A Time To Return

Transitions resident “ex-has been” talks about the journey from has-been to ex-has been, and what happens when the mojo returns before the body is ready.

a time to return

I wrote the paragraphs below about 2 years ago, once I finally decided I was going to compete in another triathlon, after more than 18 years away from sport. I should probably have finished the story then, but luckily I got distracted by my training, and put the keyboard away. I think it would have been a better story if I had written it all at the time, but I was just putting words on paper, never meaning to show anybody, so I suppose it just faded from importance.

I did do that triathlon, a Half Ironman, and pretty well covered all my goals at the time. Unfortunately two months later I damaged my Achilles, and with a series of injuries after that, lost most of the gains I had made in the final 6 months. I’m finally getting started again, with an Ironman or 2 (or more accurately 3) in my sights, and happened to notice this file tucked away on my laptop. I thought it was probably time to finish it.

In their mid-forties, a lot of men are accused of going through a “Mid Life Crisis”, or trying to live a second childhood. I think my wife has assumed I am going down that path at the moment. Maybe I am, but I prefer to think of it as looking for the next thing to do after having completed all those “Responsible” things a husband/father needs to do to set up his family. I had finished my Engineering Degree, used it to get a good office job, built a nice house & got the kids through their first few years of school, & into high school. What better “new” thing to try, than something you know you can do well, and you know you will enjoy.

In what seemed a previous life, I had had what most would consider a successful “age-grouper” career as a triathlete. That’s where all my problems started. My last race was at Kona in 1990. In a period of three weeks I had achieved all my childhood & Triathlon dreams. I competed in Florida at the World Championships in an Australian Team. It may not have been a “baggy green” but it was still the stuff of childhood dreams. Then three weeks later I was “racing” at Kona. Note I said racing. To many people the achievement is in completing an event like Hawaii. Unfortunately, to the remainder, myself included, just to complete something is not enough. I gave it everything. Needless to say, after coming home my body told me to take a short rest.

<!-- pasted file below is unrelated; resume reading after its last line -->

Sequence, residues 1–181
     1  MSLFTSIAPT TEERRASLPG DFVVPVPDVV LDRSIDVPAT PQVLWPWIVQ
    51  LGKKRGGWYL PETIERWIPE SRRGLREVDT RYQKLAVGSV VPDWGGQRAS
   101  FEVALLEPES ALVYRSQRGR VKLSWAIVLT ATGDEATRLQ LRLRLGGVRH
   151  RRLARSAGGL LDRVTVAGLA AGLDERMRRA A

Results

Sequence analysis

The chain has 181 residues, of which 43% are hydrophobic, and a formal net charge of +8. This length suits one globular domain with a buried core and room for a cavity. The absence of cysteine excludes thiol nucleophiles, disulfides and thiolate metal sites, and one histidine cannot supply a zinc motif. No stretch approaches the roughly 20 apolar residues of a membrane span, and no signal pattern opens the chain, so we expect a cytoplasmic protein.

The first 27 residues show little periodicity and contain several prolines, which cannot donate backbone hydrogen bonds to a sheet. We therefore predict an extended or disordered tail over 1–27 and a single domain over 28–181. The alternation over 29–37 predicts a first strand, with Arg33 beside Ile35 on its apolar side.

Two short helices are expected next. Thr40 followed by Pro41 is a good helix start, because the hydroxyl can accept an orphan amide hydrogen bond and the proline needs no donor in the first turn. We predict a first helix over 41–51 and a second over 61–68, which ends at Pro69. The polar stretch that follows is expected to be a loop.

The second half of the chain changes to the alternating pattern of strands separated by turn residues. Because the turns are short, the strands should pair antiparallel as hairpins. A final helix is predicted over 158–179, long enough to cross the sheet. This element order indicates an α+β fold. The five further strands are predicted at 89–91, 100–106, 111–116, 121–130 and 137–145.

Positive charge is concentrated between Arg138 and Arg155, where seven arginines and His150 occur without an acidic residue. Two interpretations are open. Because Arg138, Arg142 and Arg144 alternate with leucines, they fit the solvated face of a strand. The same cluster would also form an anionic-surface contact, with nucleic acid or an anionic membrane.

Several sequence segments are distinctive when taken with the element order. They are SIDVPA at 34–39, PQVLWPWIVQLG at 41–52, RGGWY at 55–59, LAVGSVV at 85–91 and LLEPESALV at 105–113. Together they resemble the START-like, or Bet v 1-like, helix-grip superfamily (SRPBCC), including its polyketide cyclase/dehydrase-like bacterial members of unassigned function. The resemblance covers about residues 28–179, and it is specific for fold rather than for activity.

Well here we are, nearly 19 years later, and I am still looking for that next event to do after Kona. My short rest lasted 17 years, and another 18 months on I am still yet to race.

Why am I writing this you may ask? There are two reasons. The first is that it has been bottled up inside of me for too long, and I need to get it out. The second, and perhaps the most important to others out there is that the sport of Triathlon (and probably sport in general) is too important to sit out waiting for the right moment to come back.

Prior to 1990, I spent 10 years competing in every multisport event, fun run, bike race, swimming carnival, squash, touch, cricket, and I can’t remember what other event I could get my name down on. I also did very well in most of them. Since 1990 I have competed in but one corporate swimming carnival. For 12 years that was because I was not interested. For the next 6, it was because I physically wasn’t capable (100kg here I come). Most frighteningly though, for the past 12 months, it is because I’m scared of not winning.”